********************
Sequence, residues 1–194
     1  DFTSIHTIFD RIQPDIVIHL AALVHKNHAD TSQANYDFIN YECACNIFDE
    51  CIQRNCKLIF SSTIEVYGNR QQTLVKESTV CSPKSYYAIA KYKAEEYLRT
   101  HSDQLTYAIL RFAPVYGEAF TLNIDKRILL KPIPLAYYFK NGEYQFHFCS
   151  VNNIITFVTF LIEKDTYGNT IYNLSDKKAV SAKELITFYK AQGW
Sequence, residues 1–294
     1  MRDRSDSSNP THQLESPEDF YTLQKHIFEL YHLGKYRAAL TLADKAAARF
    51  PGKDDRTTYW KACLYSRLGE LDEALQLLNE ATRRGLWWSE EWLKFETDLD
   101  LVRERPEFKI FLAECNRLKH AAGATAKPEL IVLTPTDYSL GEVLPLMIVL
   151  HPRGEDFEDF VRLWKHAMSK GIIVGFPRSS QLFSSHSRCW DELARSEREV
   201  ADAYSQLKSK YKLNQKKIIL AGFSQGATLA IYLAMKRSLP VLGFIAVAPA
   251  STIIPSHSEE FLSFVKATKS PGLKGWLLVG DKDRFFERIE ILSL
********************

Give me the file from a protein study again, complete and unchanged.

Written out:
Sequence, residues 1–194
     1  DFTSIHTIFD RIQPDIVIHL AALVHKNHAD TSQANYDFIN YECACNIFDE
    51  CIQRNCKLIF SSTIEVYGNR QQTLVKESTV CSPKSYYAIA KYKAEEYLRT
   101  HSDQLTYAIL RFAPVYGEAF TLNIDKRILL KPIPLAYYFK NGEYQFHFCS
   151  VNNIITFVTF LIEKDTYGNT IYNLSDKKAV SAKELITFYK AQGW
Sequence, residues 1–294
     1  MRDRSDSSNP THQLESPEDF YTLQKHIFEL YHLGKYRAAL TLADKAAARF
    51  PGKDDRTTYW KACLYSRLGE LDEALQLLNE ATRRGLWWSE EWLKFETDLD
   101  LVRERPEFKI FLAECNRLKH AAGATAKPEL IVLTPTDYSL GEVLPLMIVL
   151  HPRGEDFEDF VRLWKHAMSK GIIVGFPRSS QLFSSHSRCW DELARSEREV
   201  ADAYSQLKSK YKLNQKKIIL AGFSQGATLA IYLAMKRSLP VLGFIAVAPA
   251  STIIPSHSEE FLSFVKATKS PGLKGWLLVG DKDRFFERIE ILSL